Oklahoma Republicans refuse to bow to teachers' demands

As the Oklahoma teachers’ strike enters its second week, Republican lawmakers said Tuesday that they have no plans to further concede to the groups’ demands of eliminating a capital gains tax break as a way to increase school funding.

Meanwhile, the teachers' walkout has been costing taxpayers about $15,000 per day, Oklahoma City's FOX 25 reported.

Last month, Oklahoma’s Republican-led Legislature approved $450 million in new taxes, a move intended to raise about $6,100 for teachers’ salaries, textbooks, and classroom equipment, the Oklahoman reported. The Legislature also approved $2.9 billion for public schools – an increase of nearly 20 percent over last year’s spending.

Alicia Priest, president of the Oklahoma Education Association, speaks to a crowd of teachers and supporters following the arrival of a group that walked 110 miles from Tulsa to the state Capitol as protests continue over school funding, in Oklahoma City, Tuesday, April 10, 2018. (AP Photo/Sue Ogrocki)

Alicia Priest, president of the Oklahoma Education Association, speaks to a crowd of teachers and supporters following the arrival of a group that walked 110 miles from Tulsa to the state Capitol as protests continue over school funding, in Oklahoma City, Tuesday, April 10, 2018.  (Associated Press)

Gov. Mary Fallin, a Republican, signed both bills.

But teachers say their salary increases were not enough after a decade without raises.

The capital gains deduction has become a target for teachers because it reportedly benefits few Oklahomans and would generate about $120 million annually. An analyst hired by a state commission looking into Oklahoma's variety of tax incentives for businesses and industries recommended last year that the deduction be eliminated.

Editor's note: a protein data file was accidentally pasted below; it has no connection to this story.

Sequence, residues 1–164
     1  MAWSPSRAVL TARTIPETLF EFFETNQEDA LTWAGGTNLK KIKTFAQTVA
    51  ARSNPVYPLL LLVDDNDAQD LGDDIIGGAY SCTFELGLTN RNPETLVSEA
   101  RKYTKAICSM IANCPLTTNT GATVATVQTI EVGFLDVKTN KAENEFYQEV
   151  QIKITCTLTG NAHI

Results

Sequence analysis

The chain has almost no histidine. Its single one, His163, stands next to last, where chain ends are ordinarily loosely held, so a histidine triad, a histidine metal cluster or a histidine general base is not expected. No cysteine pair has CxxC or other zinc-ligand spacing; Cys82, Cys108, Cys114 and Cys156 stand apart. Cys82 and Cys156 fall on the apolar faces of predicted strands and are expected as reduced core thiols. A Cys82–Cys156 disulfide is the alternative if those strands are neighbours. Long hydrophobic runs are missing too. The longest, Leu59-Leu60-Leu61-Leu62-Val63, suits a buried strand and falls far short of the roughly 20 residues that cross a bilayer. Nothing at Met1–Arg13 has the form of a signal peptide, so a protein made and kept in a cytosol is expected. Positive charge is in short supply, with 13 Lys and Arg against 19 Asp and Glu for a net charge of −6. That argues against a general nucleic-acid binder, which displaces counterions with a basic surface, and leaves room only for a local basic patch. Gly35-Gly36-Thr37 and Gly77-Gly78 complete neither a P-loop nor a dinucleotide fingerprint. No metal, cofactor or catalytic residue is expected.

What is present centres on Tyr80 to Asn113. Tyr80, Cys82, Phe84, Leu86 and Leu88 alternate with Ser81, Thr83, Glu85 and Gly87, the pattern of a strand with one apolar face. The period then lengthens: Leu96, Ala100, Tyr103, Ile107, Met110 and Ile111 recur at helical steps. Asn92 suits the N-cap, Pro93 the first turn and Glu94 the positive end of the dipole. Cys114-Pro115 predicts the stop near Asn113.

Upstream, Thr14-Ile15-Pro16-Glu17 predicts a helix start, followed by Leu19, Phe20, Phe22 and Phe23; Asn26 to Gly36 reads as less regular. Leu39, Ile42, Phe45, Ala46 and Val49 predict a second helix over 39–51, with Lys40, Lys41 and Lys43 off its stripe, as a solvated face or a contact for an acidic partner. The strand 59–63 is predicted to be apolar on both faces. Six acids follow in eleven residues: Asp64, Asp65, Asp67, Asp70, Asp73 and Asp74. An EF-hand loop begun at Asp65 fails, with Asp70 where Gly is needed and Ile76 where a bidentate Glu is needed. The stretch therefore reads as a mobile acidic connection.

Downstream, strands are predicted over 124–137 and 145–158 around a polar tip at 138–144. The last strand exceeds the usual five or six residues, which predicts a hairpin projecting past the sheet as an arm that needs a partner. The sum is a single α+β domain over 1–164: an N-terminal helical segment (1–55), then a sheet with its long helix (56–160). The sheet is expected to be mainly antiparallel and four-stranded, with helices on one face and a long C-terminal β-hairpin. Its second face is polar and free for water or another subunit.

Demonstrators walk along N. Kelley Avenue in the final leg of a 110 miles trip from Tulsa to the state Capitol as protests continue over school funding, in Oklahoma City, Tuesday, April 10, 2018. Classes remain canceled in Oklahoma's biggest school districts Tuesday as teachers walk out for a seventh day. (AP Photo/Sue Ogrocki)

Demonstrators in Oklahoma on the final leg of a 110-mile trip from Tulsa to the state Capitol as protests continue over school funding, in Oklahoma City, Tuesday, April 10, 2018.  (Associated Press)

"The incentive overall cannot, with the data available, be credibly shown to have significant economic impact or a positive return on investment for the state," the analyst wrote.

Nevertheless, state Rep. John Pfeiffer, a House majority floor leader and top Republican lawmaker, said Tuesday that the Legislature has no plans to eliminate a capital gains tax break, nor are lawmakers likely to consider any other revenue bills this session.

"As far as this year, we've accomplished a whole lot, and I just don't know how much more we can get done this session," Pfeiffer said.

Teachers and supporters continue their walk circling the state Capitol as protests continue over school funding, Tuesday, April 10, 2018, in Oklahoma City. Leaders of Oklahoma's largest teacher's union have demanded a repeal of a capital gains tax exemption and for the governor to veto a repeal of a proposed lodging tax as they push for more education funding in massive demonstrations at the state Capitol. (AP Photo/Sue Ogrocki)

Leaders of Oklahoma's largest teacher's union have demanded a repeal of a capital gains tax exemption and for the governor to veto a repeal of a proposed lodging tax as they push for more education funding in massive demonstrations at the state Capitol, Tuesday, April 10, 2018, in Oklahoma City.  (AP Photo/Sue Ogrocki)

Fallin also defied striking teachers Tuesday, signing a bill to repeal a tax on hotel stays that teachers had called on her to veto. Fallin encouraged lawmakers to turn their attention to other issues.

As teachers descended on the Oklahoma state Capitol again Tuesday, the crowds were notably smaller. The House and Senate this week returned to more routine work, holding committee meetings and considering bills unrelated to revenue or education.

The crowds at the Capitol are costing the Office of Management and Enterprise Services (OMES) about $15,000 a day, FOX 25 reported.  

“The $15,000 goes into basically repairing the grounds, the janitorial service, and having to pull additional staff from other parts of the Capitol complex and bring them in to aid the normal staff we have here,” a spokeswoman for OMES said.

According to FOX 25, the Oklahoma Education Association is footing most of the bill.

The OEA has called for the walkout to continue until the Legislature comes up with more money for schools. Several districts have announced plans to close Wednesday for an eighth consecutive day. Classes remain canceled in Oklahoma's biggest school districts. 

The Associated Press contributed to this report.

Bradford Betz is an editor for Fox News. Follow him on Twitter @bradford_betz.